Computable Publishing LLC was pleased to sponsor the January 2022 HL7 Working Group Meeting, which aligns with our work towards creating software tools that support data exchange for scientific knowledge with HL7 Fast Healthcare Interoperability Resources (FHIR®). In fact, many already know that our CEO, Brian Alper, is the leader of the Evidence-Based Medicine on the FHIR project (EBMonFHIR) and the COVID-19 Knowledge Accelerator (COKA) initiative.
Background & Expansion
EBMonFHIR (sponsored by the CDS, BR&R and CQI HL7 work groups) previously created Citation, Evidence, EvidenceReport and Evidenceariable Resources. The project expansion to the COKA initiative now involves 12 active working group meetings per week. The combination of volunteer efforts from about 100 people in many countries along with software tools (provided gratis to COKA by Computable Publishing LLC) has produced impressive results to advance evidence-based medicine (EBM) and promote the HL7 FHIR standard to the EBM community.
Computable Publishing LLC has developed about 30 tools to support the creation and viewing of evidence-related data in FHIR Resources. There is one tool that supports all of them: the Fast Evidence Interoperability Resources (FEvIR) Platform (https://fevir.net).
To overcome the challenge of inability to easily reuse registered research data, our organization collaborated with ClinicalTrials.gov. This collaboration resulted in the development of the ClinicalTrials.gov-to-FEvIR Converter, which can be used to transform the ClinicalTrials.gov data into the following FHIR Resources to fully express the entire ClinicalTrials.gov record using FHIR: ResearchStudy, EvidenceReport, Organization, Practitioner, PractitionerRole, Citation, Evidence, EvidenceVariable, and Group.
Another benefit of this tool is that one doesn’t need to be a coding expert to use it. Simply enter the NCT identifier and once that step is complete, the JSON FHIR resources will be ready for reuse. We also made multiple improvements to the FHIR ResearchStudy Resource in this effort.
Computable Publishing LLC also created a similar tool on the FEvIR platform. It is called the MEDLINE-to-FEvIR Converter, and will convert any PubMed citation into a FHIR Citation Resource, with both human-readable and FHIR JSON versions available for use. Enter the PMID and a FHIR Citation is born that can be used interoperably with any app using the FHIR Citation standard.
Image: Citation Viewer
Global Effort = Results
Because we couldn’t find adequate code systems to summarize statistics, study design, and risk of bias concepts, we started a global effort to build our own Scientific Evidence Code System (SEVCO).
So far, with a growing global Expert Working Group, 534 terms have been drafted and 153 (29%) have been fully approved. Tooling was needed to support this effort, so we created a CodeSystem Builder/Viewer as well as a ValueSet Builder/Viewer.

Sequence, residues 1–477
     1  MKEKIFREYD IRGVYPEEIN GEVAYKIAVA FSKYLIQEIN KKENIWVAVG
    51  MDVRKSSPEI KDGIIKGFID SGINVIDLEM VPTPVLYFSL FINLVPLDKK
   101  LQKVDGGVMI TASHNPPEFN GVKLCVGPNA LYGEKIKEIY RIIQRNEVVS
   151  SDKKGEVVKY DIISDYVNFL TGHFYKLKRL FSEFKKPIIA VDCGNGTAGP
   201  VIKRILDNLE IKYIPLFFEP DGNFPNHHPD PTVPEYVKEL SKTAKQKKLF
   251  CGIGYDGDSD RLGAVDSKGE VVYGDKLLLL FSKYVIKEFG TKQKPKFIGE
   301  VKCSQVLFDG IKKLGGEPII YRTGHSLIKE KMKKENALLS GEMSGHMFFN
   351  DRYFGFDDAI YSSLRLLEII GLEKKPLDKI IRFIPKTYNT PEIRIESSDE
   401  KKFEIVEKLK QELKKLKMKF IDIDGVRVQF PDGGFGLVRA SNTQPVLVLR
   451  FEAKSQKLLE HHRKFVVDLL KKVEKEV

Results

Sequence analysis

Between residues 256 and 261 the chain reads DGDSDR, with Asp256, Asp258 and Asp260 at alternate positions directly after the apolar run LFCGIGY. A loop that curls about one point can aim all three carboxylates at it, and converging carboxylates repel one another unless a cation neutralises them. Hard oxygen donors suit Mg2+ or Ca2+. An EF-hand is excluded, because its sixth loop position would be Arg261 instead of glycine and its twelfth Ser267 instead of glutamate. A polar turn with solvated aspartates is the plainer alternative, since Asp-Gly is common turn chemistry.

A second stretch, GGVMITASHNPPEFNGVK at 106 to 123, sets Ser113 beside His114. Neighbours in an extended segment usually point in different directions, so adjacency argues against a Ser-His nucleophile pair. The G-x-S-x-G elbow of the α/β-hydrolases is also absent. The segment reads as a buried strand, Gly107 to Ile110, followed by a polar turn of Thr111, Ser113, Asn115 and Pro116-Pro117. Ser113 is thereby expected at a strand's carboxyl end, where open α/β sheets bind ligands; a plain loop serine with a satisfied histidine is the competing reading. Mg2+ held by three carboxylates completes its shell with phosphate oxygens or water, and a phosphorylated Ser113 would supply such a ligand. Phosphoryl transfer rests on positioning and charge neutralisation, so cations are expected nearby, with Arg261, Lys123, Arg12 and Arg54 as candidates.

With the introduction of a Citation Resource, citation repository developers identified the desire to exchange the “classification tags” related to citations and made the case for making these metadata tags shareable value units. For the “Comment” and “Vote” functions for the SEVCO code system, we needed a way to exchange comments and ratings of a CodeSystem Resource (and specific terms in the resource) without overloading the CodeSystem Resource itself. These multiple use cases for sharing knowledge about knowledge artifacts led us to introduce the ArtifactAssessment Resource, which received high interest from many HL7 work groups.
Adding a “Vote” feature to create ArtifactAssessment Resources greatly accelerated the SEVCO development effort. However, we then had the challenge of hundreds of voter/term/instance combinations. The My Ballot tool allows scaled voting coordinated with the CodeSystem Resource in development. We now have a second group of people using this software to develop a code system for rating certainty of evidence and strength of recommendation and expect to support many projects of this type with FHIR resources.
Image: My Ballot
The risk of bias segment of our code system is being used to support our new Risk of Bias Assessment Tool (RoBAT) as a means to rate bias in scientific articles, e.g. in the context of creating systematic reviews or providing peer review for journal articles. The RoBAT is heavily dependent on CodeSystem, ValueSet and Artifact Assessment FHIR resources.
For the COKA Initiative, 2022 will be the year of usability research. We have launched a Pilot Study for RoBAT with FHIR Resources (ResearchStudy, ResearchSubject, Consent, Questionnaire, QuestionnaireResponse, Group, EvidenceVariable and Evidence) to manage every aspect.
We highly depend on the support of many volunteers through the COVID-19 Knowledge Accelerator and EBMonFHIR groups. Join us to help with any or all of these projects by visiting our website and visit the FEvIR platform https://FEvIR.net to see for yourself.